It was a strange locker room Sunday after the Dallas Cowboys beat the Philadelphia Eagles, 6-0, at Lincoln Financial Field.
There were pats on the backs. And laughs. And jokes. And everything that comes with winning a difficult road game in the NFL against a division foe.
But mixed in the answers was the reality the Cowboys’ season ended Sunday with a 9-7 record, good enough for second in the NFC East but not good enough to get them into next weekend’s playoffs.
“As far as what we did [winning the game], it doesn’t mean anything, but as far as what guys showed this game, it definitely carries into next season,” defensive end Tyrone Crawford said. “We see what guys got [inside] and that’s what I’m definitely going to demand out of the guys and expect guys to demand it out of each other in the offseason.”
That’s the smaller picture. In the bigger picture, there are myriad reasons as to why the Cowboys have failed to make the playoffs in back-to-back years dating back to the 2006 and ’07 seasons, with the most obvious being Ezekiel Elliott’s suspension.
But that ignores other realities of a team that simply wasn’t good enough.
The Cowboys became just the second team to lose back-to-back home games despite scoring 30 or more points since the 2012 Detroit Lions in defeats to the Los Angeles Rams and Green Bay Packers.
They became the first team in franchise history to fail to score at least 10 points in three straight games, which coincided with the start of Elliott’s six-game suspension.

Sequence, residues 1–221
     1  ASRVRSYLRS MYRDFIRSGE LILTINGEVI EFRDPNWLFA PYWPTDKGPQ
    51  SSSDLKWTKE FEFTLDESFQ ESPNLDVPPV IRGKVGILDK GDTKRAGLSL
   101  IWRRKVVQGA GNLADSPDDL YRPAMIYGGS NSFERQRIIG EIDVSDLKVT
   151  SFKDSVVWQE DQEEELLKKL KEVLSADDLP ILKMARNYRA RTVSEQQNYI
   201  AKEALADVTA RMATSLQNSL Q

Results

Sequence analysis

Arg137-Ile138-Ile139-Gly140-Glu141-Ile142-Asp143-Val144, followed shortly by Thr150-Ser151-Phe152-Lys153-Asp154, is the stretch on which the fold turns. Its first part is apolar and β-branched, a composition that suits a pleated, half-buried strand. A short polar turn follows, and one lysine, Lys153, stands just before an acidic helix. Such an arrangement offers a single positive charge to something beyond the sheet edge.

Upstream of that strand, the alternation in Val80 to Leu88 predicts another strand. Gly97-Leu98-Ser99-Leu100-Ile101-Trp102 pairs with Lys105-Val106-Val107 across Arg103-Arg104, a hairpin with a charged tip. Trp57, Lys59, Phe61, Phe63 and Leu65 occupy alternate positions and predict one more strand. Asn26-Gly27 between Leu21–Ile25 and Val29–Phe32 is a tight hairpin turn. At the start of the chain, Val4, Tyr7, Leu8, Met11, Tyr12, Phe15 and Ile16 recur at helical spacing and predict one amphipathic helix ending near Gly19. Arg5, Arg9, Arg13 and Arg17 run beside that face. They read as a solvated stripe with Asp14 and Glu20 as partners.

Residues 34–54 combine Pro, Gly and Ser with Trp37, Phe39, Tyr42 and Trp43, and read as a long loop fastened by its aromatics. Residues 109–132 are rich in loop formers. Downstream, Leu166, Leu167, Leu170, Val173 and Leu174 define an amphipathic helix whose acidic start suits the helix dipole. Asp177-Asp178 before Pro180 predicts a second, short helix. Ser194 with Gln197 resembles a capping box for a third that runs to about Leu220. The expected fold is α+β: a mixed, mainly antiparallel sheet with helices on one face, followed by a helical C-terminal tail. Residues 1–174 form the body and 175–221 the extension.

They fought back into playoff contention with three straight wins but failed to score a touchdown in a 21-12 loss to the Seattle Seahawks in Week 16 and were eliminated.
Despite that, the Cowboys approached Sunday’s game trying to win. A couple of draft spots didn’t matter. Players want to win. Coaches might have needed to win.
Having already clinched home-field advantage, the Eagles played their starters for a quarter but had six defenders inactive for the game. The case study for the Cowboys is the Eagles. They won a meaningless season finale in 2016 against a 13-win Cowboys team that had wrapped up home-field advantage to finish 7-9, improved their roster in the offseason in free agency and trades and ended up as the NFC’s top seed in 2017.
Quarterback Carson Wentz’s knee injury likely dooms the Eagles’ chances of making it to the Super Bowl, especially with how Nick Foles performed in his final five quarters, but that’s Philadelphia’s problem.
The Cowboys don’t believe they are that far off from contending again.
“Ultimately you find ways to win,” tight end Jason Witten said. “I did a study looking at some stuff and eight teams will be in the playoffs this year that didn’t have a winning record last year. That’s a strong fact. I mean 12 teams are going to the playoffs and eight out of the 12 didn’t have winning records. So this league switches. That margin, I’ve mentioned it to you guys before, but it’s tight and it’s small and that’s why it’s even more important.
“We’ll get back. It burns today and it should burn for all of us. But I’m proud that we fought and were able to get a win, but collectively we didn’t do enough [during the season] when we had opportunities.”
The Cowboys recorded their first shutout since the 2009 season finale against the Eagles. That team finished 11-5 and made the playoffs, winning in the wild-card round. These Cowboys knew they would be home for the playoffs.
The victory allowed Jason Garrett to avoid his fourth 8-8 record in seven seasons. Had the Cowboys lost Sunday, only Jeff Fisher would have more 8-8 records (five) than Garrett.
Garrett did not want to get into whether he considered 2017 a disappointing season.
“Today was indicative of the kind of guys and character we have on our team,” Garrett said. “Just to battle, scrap, claw, fight and find a win to win this ballgame was important to us. I’m proud to be with our guys.”
The difference between 9-7 and 13-3 records are not as wide as they might appear.